Playing with Reality: An Interview with D.K. Mok
D.K. Mok is an up-and-coming novelist with a flair for the weird and wonderful. Having already published two novels and a whole bunch of short stories, she is set to release her third book, Squid’s Grief, in March 2016 – a work she describes as ‘cyberpunk’ (I don’t exactly know what that means, but I know it sounds extremely cool).
Merging her passion for fantasy with her (hilarious) sense of humour, D.K. has developed a gripping style reminiscent of Sir Terry Pratchett and Neil Gaiman. And, having been shortlisted for an Aurealis Award and a Washington Science Fiction Association Small Press Award, she’s gaining more and more recognition. Ellipsis recently got in touch with D.K. to talk magic, imagination, and Ghibli films (now doesn’t that sound exciting?)
Ellipsis: How old were you when you started writing?
D.K: I started writing when I was about five. I loved authors like Graeme Base and Roald Dahl, and I was captivated by wordplay and rhythm and the power of stories to transport me to fantastic places. I carried around a little red notepad and jotted down stories and poems, and I soon realised that this was my passion. I loved conjuring worlds and sending people on delightful adventures. I still carry around a notepad wherever I go, and it’s usually full of scribbles like “dreaming mice” and “magpies are watching you”.
Ellipsis: Which other writers do you draw inspiration from? Where else do you find inspiration for your worlds and characters?
D.K: Growing up, Graeme Base and Roald Dahl introduced me to wondrous worlds full of bookish lions and telekinetic girls. However, the single greatest influence on my writing has been Sir Terry Pratchett.
I started reading Sir Terry’s books when I was in high school, and I’ve always loved the way he combined absurdist humour, incisive social commentary, and heartfelt stories. His books not only entertained and uplifted me – carrying me through some rough times – they also transformed me. They taught me how to be a better human being.
I’m also a big fan of Isaac Asimov, whose stories of marginalised robots explored issues of civil rights and social justice. Shaun Tan remains one of my favourite authors/artists, and his quirky, poignant and powerful picture book The Arrival is nothing less than a masterpiece. The animated films of Hayao Miyazaki never cease to inspire me. Films like Spirited Away and Nausicaä are full of breathtaking wonder, compelling themes, delicate moments and adorable soot-balls.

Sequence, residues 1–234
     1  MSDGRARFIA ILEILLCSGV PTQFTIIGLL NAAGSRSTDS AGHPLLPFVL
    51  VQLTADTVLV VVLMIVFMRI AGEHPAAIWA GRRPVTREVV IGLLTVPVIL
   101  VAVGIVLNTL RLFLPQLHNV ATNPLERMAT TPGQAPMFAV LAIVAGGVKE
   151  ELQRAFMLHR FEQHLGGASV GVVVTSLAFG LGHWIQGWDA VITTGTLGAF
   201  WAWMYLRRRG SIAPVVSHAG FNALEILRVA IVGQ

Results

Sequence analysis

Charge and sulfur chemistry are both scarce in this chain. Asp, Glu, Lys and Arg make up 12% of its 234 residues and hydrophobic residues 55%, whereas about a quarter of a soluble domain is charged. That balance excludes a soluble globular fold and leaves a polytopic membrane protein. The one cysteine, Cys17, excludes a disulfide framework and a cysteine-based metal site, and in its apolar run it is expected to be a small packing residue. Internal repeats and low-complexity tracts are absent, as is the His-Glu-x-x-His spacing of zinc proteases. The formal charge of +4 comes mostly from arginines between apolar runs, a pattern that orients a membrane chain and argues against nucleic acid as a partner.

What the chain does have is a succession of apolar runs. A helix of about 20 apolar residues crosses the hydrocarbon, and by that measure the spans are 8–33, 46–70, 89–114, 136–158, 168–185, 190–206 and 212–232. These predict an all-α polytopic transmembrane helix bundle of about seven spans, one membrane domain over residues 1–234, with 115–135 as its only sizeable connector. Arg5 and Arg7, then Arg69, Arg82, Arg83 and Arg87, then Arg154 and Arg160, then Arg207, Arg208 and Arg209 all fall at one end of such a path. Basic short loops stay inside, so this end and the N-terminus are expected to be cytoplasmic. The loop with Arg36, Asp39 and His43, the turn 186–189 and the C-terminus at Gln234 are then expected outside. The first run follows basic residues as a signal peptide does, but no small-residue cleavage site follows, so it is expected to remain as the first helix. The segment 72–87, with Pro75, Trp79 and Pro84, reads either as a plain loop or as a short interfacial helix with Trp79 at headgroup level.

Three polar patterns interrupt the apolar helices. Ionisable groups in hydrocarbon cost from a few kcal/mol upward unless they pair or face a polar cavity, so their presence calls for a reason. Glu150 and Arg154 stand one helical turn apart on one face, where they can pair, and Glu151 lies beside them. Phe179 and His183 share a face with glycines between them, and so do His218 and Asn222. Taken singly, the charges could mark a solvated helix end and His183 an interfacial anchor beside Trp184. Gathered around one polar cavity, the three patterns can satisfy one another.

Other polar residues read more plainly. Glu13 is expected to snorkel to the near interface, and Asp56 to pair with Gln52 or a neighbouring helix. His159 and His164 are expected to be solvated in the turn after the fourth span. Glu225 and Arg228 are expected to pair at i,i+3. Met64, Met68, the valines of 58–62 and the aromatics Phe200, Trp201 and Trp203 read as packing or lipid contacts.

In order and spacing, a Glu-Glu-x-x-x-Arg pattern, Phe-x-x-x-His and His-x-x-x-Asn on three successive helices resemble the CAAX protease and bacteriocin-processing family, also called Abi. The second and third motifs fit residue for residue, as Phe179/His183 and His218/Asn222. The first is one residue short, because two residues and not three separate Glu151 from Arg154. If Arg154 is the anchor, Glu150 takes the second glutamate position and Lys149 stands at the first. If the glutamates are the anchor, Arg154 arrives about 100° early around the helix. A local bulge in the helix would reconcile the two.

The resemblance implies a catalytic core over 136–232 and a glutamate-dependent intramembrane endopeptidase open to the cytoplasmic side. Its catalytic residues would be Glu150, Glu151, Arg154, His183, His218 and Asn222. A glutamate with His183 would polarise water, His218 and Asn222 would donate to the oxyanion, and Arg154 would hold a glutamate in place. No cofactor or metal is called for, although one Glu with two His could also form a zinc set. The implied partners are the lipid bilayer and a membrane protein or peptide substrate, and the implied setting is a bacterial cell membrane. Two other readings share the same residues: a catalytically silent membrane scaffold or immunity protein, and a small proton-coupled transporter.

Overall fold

I’m also an avid podcast listener, with some of my favourite programmes being Science Friday, BBC Click Radio, Discovery, Science in Action and Off Track. We live in a strange and endlessly fascinating world, and I draw inspiration from everything.
Ellipsis: What draws you to fantasy as a genre?
D.K: What I love most about fantasy is the sense of wonder. I’m drawn to fantastic worlds and the sense of discovery, exploration, awe and delight that often comes with them.
I marvel at the infinite possibilities of fantasy, and of speculative fiction in general. I appreciate the way these stories can hold a mirror to our own world, or show us entirely unimagined ones. Fantasy is one of the most unconstrained genres, and there’s a kind of joy in playing with reality. Hayao Miyazaki’s Spirited Away is a magnificent example of a world where nothing has to make sense except the characters’ motivations and the heart of their journey.
Ellipsis: Have you ever had writer’s block? How do you get through it?
D.K: I think most people experience writer’s block at some stage; many on a regular basis. Having a great idea is a relatively small part of the process. Crafting that idea into a compelling, elegant, coherent and satisfying story often requires practise, persistence, commitment, and a sufficient number of hours spent drowning in pages of plot notes.
It helps to recognise that the words don’t always flow, that the ideas don’t always descend like divine fire. There’s a lot of drafting and re-drafting involved. If you’re stuck on a particular plot point, insert a place-holder scene and move on. You can always edit a wobbly draft, and sometimes the shape of a story emerges gradually as you go. Brainstorm with trusted friends; follow your curiosity; conduct more research; give yourself time to mull and contemplate; and get the words down.
However, when I get really stuck, I find that long walks or listening to music often helps me to re-energise and get the mental gears going again.
Ellipsis: When publishing your work, did you find an agent or self-publish?
D.K: With my first novel, The Other Tree, I approached the publisher directly. Spence City, an imprint of Spencer Hill Press, was taking unsolicited submissions at the time, and I sent them the manuscript for my adventure mystery novel. They liked it enough to sign it, and they subsequently also picked up my epic fantasy novel, Hunt for Valamon.
Many publishers now have open submission periods, and their websites should have details about the when/what/how. There are so many avenues for writers these days, whether it’s agents, small press, traditional publishers, self-publishing, or a combination of these.
Ellipsis: Do you have any more advice for aspiring writers?
D.K: If you find something that you love to do, something that makes you feel truly alive, then go for it. If your passion is writing, then my advice is: write often, read widely, work on your craft, listen to constructive feedback, write more, always be professional, be persistent, never forget why you are writing, and do what you love.
Featured image credit: Taken from Amazon.